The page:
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In Uruguay, former guerrilla wins by moving away from Chávez

José "Pepe" Mujica won 51.7 percent of the votes in Sunday's run-off, extending the power of the ruling center-left Broad Front coalition.

By Jeff FarrellContributor / November 30, 2009

Uruguay's president-elect Jose Mujica celebrates winning the presidential run-off election in Montevideo on Sunday.

Andres Stapff/Reuters


Montevideo, Uruguay

A former leftist guerrilla clinched victory in Uruguay's presidential run-off election on Sunday, but he did it by moving hard to the center and purposely distancing himself from Venezuela's radical leftist President Hugo Chávez.

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José "Pepe" Mujica won more than 53 percent of the votes, extending the power of the ruling center-left Broad Front coalition, which is popular with Uruguayans for its mix of social programs and pro-business handling of the economy.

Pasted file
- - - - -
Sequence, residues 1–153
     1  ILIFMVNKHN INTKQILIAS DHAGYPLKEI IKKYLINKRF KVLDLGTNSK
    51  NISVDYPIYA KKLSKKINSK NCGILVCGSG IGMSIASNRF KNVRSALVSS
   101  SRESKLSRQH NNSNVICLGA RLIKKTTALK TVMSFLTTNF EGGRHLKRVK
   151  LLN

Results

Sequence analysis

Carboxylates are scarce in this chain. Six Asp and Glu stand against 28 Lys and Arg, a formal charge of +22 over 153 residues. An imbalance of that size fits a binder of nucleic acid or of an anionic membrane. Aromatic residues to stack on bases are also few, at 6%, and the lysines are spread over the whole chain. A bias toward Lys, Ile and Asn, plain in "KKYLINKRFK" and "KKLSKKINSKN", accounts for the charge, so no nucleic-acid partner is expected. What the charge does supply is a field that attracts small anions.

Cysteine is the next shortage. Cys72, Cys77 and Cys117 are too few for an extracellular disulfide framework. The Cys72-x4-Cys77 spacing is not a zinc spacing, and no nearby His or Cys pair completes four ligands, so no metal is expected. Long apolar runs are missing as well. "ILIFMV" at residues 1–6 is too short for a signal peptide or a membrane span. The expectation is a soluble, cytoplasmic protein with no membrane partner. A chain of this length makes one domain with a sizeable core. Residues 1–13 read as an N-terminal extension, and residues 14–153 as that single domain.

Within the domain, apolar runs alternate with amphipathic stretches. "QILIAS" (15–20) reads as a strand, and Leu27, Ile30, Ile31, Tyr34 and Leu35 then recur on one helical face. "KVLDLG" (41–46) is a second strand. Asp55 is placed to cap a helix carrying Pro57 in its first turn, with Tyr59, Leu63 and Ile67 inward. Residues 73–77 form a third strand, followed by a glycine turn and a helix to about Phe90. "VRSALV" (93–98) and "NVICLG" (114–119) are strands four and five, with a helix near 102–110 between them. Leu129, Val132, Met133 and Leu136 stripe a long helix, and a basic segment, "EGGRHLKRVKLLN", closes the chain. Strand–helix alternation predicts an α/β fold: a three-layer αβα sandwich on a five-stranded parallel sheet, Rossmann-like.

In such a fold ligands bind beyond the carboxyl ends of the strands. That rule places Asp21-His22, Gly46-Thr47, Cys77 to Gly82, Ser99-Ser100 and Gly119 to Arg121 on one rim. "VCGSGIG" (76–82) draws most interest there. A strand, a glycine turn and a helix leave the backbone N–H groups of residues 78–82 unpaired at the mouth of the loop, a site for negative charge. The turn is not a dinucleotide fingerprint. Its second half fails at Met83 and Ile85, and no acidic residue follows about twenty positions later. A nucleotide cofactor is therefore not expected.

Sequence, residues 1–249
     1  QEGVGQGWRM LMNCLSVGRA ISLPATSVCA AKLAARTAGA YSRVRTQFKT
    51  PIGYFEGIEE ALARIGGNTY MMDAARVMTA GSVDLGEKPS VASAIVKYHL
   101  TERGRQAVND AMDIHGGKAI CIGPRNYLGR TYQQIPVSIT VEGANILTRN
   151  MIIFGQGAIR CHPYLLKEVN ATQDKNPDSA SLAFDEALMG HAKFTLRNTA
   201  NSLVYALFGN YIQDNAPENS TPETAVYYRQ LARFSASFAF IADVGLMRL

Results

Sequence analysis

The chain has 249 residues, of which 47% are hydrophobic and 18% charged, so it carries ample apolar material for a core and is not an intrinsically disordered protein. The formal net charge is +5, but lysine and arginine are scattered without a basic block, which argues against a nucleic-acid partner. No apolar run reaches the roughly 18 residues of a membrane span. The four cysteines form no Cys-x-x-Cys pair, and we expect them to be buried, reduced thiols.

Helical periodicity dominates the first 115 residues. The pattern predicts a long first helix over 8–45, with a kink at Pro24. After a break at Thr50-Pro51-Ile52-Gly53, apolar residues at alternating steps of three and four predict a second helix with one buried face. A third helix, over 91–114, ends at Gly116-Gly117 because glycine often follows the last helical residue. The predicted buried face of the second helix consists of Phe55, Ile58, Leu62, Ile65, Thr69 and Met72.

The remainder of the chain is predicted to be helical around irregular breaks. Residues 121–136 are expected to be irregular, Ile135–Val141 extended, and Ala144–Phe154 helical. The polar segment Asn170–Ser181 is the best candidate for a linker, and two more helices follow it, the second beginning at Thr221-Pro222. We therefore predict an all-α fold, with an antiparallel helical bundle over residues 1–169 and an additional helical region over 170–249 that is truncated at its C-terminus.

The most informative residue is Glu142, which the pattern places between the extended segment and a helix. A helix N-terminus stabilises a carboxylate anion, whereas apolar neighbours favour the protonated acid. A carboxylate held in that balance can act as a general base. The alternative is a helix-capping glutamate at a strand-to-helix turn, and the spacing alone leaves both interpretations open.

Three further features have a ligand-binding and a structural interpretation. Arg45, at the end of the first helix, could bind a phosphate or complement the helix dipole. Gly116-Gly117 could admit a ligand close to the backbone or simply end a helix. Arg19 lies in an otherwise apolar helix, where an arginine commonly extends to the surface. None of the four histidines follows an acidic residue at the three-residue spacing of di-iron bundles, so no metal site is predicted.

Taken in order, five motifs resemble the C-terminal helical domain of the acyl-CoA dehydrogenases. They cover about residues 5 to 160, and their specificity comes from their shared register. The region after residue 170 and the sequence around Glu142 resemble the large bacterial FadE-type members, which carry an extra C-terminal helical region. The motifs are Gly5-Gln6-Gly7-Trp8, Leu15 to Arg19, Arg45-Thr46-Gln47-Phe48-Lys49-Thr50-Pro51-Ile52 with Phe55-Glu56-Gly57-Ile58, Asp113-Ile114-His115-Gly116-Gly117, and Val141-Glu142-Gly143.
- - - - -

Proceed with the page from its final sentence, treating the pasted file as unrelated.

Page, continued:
Conservative former president Luis Lacalle of the center-right National Party garnered only 43 percent at the ballot box, failing to gain ground by linking Mr. Mujica to Mr. Chávez.

Thousands yesterday evening streamed down to Montevideo's riverfront area next to Rio del Plata to hail Mujica. Supporters waved the red, white, and blue flags of the victorious party chanting: "I am of the Front."

Addressing the jubilant crowds, Mujica said in an impassioned speech: "Tomorrow the patriotism continues. Thank you compatriots. Thank you for continuing this government."

Moving away from Chávez

Mujica, who will begin a five-year term in March, fell short of an outright majority in the first round of voting in October. So, in this round, he highlighted his centrist credentials to win voters who feared he would align Uruguay with Venezuela, analysts say.

"[Voters] were afraid of the guerrilla past and the identification with Chávez," says Oscar Bottinelli, a political analyst and head of the Factum polling group in Uruguay's capital, Montevideo. "They were afraid he will affect liberty and be repressive."

Mujica on Friday dismissed Chávez's "21st-century socialism" model as "a lot of bureaucracy." He also called for a "very special" relationship with moderate leftist Brazilian leader Luiz Inácio Lula da Silva.

But that didn't stop Chávez yesterday from welcoming Mujica into Latin America's leftist bloc. The fiery Venezuelan leader hailed Mujica as a "good revolutionary," saying "Pepe should be a big companion [of Venezuela]".

Power of his party